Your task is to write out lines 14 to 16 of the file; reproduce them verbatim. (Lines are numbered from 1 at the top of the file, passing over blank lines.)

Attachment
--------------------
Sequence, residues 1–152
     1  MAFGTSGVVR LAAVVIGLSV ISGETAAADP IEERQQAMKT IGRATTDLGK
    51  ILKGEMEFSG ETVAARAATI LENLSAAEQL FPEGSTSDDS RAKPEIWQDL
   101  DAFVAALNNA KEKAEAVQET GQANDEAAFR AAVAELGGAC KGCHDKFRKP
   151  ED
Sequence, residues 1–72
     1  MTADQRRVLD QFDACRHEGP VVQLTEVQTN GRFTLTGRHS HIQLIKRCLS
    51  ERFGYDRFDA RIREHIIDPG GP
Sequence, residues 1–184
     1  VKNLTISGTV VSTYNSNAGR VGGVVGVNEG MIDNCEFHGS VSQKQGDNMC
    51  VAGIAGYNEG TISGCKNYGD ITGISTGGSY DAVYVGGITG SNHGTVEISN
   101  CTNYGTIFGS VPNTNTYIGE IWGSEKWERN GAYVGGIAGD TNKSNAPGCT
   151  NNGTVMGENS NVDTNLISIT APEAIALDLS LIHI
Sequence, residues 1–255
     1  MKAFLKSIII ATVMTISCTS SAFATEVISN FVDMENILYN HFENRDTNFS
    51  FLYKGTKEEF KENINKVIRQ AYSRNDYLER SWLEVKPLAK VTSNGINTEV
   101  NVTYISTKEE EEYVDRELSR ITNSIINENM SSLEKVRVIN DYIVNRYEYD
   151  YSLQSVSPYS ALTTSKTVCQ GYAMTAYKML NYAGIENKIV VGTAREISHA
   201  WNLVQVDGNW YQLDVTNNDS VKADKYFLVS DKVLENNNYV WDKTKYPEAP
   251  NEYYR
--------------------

Sequence, residues 1–255
     1  MKAFLKSIII ATVMTISCTS SAFATEVISN FVDMENILYN HFENRDTNFS
    51  FLYKGTKEEF KENINKVIRQ AYSRNDYLER SWLEVKPLAK VTSNGINTEV